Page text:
My trusty TPS201 died after about 30K miles of faithful service. The TPS201 saga can be found here:
Is my TPS201 OK?
Because I wanted to get this fixed RIGHT NOW, I went to the zone to get a replacement. Low and behold . . . no TPS201s in stock . . . I'd have to wait a couple of days. Apparently, whatever car the TPS201 goes on is now too old for the zone to stock replacements. Same story at O'Reillys when they cross-referenced the TPS201.
Since I still wanted to get it fixed RIGHT NOW, I took the opportunity to see if there was another TPS that was stocked and might work. It turns out there is. Meet the TPS4185 (as used on mid-2000s Kias -- many of which used Mazda B6s and BPs):
It actually has the right connector!
And the right shaft fitting!
Costwise, it's ~$13 more than the current list for the TPS201 ($53 vs. $40 -- at Rock Auto the TPS4185 is $33+shipping). But the good thing is that it can be used without modification so that the lifetime warranty stays intact. I felt that was worth $13.
To use this TPS, there are two minor issues that need to be addressed:
1. The power and ground pins are reversed relative to the stock 90-93 MT wiring harness. Some minor harness surgery is required. The wires that have to be reversed are the Red (+5VDC, goes to pin 1N on the ECU connector) and Black/Light Green (ECU ground, goes to engine block and pin 2C on the ECU connector). I did the surgery in the harness about 3 inches from the TPS connector.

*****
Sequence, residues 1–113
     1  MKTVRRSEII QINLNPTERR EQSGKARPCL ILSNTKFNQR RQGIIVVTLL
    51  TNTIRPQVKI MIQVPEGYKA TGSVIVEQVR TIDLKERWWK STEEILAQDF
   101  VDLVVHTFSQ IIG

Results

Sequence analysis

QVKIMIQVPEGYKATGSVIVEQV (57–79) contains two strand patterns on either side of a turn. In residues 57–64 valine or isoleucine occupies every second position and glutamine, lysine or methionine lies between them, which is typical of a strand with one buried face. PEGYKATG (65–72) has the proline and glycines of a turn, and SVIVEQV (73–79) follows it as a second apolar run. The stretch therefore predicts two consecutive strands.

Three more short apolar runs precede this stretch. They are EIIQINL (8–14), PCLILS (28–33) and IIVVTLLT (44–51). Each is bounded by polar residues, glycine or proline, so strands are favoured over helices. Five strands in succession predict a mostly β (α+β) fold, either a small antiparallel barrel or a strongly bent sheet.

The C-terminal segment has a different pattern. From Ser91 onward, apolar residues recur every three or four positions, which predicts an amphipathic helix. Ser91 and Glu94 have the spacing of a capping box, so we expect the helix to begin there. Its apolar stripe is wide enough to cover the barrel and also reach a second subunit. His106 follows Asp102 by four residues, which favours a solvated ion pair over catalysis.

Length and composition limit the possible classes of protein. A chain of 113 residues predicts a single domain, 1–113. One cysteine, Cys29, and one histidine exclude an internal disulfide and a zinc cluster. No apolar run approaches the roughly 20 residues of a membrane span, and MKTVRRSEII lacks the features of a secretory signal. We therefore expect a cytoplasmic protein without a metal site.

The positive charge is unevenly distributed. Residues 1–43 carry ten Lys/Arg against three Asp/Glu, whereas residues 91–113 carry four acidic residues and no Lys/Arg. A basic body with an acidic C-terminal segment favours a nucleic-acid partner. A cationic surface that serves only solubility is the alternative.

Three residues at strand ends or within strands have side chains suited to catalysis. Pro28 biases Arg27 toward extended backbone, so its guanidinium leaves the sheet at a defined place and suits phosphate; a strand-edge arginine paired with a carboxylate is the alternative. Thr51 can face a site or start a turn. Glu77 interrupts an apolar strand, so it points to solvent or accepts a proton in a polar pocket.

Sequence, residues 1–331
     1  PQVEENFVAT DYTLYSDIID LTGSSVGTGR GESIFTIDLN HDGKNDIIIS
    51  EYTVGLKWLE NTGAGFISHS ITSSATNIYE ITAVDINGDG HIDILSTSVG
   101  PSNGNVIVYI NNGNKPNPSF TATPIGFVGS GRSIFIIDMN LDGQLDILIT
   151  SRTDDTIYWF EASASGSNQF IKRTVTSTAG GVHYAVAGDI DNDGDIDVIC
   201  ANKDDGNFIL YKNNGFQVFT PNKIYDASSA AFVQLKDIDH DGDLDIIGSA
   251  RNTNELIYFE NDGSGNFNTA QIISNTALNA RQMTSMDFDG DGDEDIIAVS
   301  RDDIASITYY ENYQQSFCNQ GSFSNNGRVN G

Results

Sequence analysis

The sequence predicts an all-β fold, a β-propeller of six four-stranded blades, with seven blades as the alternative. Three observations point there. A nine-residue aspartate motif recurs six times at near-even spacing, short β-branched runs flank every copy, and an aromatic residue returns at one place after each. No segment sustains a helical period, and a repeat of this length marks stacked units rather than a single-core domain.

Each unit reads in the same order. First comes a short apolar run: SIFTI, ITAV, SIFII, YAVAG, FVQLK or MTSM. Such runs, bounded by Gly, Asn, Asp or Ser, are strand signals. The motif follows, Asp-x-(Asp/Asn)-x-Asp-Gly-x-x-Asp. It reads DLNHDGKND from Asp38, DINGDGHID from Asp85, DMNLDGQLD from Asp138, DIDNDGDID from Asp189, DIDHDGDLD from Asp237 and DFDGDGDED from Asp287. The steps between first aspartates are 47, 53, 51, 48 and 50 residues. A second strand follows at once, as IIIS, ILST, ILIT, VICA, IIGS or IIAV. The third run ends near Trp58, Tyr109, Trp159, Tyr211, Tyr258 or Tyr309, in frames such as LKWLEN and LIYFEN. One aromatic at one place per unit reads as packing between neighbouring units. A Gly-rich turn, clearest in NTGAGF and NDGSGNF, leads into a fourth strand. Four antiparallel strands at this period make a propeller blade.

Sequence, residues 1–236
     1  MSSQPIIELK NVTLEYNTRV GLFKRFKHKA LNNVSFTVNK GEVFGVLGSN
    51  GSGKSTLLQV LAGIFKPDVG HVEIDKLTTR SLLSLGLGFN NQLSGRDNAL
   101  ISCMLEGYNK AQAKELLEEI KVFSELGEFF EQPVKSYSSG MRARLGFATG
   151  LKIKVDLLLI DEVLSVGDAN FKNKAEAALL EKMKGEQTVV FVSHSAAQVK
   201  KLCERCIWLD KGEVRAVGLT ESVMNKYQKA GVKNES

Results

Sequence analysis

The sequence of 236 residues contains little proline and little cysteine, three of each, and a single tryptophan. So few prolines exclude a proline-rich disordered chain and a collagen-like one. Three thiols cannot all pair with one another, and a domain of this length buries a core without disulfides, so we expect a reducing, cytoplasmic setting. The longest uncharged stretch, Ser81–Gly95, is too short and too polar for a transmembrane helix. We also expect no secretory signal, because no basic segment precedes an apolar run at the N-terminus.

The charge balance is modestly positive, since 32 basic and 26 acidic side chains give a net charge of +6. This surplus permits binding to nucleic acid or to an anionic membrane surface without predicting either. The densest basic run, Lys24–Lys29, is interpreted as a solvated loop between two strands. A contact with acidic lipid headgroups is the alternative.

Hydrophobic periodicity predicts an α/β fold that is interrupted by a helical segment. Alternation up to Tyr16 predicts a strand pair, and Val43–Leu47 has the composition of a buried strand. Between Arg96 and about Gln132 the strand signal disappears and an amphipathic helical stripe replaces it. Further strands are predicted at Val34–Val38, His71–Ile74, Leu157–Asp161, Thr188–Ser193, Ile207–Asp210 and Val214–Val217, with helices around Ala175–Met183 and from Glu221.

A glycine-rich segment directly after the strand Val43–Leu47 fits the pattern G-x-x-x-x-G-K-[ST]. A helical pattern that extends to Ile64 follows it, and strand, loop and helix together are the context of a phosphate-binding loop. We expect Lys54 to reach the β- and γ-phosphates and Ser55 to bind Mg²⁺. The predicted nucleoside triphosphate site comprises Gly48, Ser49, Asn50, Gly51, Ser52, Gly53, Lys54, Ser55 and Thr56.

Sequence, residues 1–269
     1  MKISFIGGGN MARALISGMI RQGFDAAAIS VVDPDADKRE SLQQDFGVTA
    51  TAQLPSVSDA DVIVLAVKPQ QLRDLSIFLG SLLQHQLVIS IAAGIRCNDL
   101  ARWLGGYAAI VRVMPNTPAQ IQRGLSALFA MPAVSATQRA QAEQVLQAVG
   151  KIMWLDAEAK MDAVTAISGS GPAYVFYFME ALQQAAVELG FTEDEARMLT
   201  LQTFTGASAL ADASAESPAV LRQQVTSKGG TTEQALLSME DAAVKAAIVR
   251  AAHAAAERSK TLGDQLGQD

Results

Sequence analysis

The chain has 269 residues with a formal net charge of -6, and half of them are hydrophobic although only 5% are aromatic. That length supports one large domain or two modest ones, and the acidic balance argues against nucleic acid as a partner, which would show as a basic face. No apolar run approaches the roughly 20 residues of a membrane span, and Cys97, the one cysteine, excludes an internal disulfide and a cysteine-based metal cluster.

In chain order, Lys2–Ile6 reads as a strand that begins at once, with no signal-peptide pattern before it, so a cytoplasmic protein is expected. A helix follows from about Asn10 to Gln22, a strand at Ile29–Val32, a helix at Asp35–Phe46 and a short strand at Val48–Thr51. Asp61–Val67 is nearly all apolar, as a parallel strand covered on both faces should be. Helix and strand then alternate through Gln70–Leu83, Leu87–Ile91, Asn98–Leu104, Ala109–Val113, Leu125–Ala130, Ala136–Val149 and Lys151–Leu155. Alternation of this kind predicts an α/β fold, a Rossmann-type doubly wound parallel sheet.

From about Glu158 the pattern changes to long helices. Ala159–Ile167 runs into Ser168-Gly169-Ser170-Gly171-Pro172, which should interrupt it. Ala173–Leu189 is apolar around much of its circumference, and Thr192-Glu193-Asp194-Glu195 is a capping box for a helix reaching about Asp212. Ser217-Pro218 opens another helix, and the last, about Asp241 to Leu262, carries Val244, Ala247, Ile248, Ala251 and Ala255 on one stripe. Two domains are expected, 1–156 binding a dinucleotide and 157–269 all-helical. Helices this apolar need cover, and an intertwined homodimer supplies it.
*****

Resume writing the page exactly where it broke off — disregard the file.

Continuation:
2. Although the TPS fits the shaft end, the Miata's throttle body shaft is too long. So, you either need to add some spacers or drill a hole in the TPS case for the shaft to pass through. I opted to add spacers. This leaves the TPS completely intact so I can take advantage of the lifetime warranty.
Here's some pictures of how I mounted the TPS:
The TPS mounting holes are neither far enough apart nor at the correct angle to bolt directly to the throttle body. This plus the spacing problem means that I needed to fabricate an adapter plate. I made one out of 1/8" aluminum stock using my old TPS as a template:
Here are the parts for the assembly. I trial-fitted the adapter plate and TPS to the car to get the correct angle (you can see my mark on the adapter plate). The adapter plate holes are 3/8" for the mounting screws and 9/16" for the TPS shaft. The TPS shaft hole is exactly centered between the mounting holes. I placed the TPS into the 9/16" hole and lined it up with the mark to create TPS mounting holes. These were 3/8" as well and fit the long aluminum rivets in the picture.
I used a nylon spacer along with two 3/8" aluminum rivet backing washers to space the TPS.
Mounted on the car:
It works perfectly.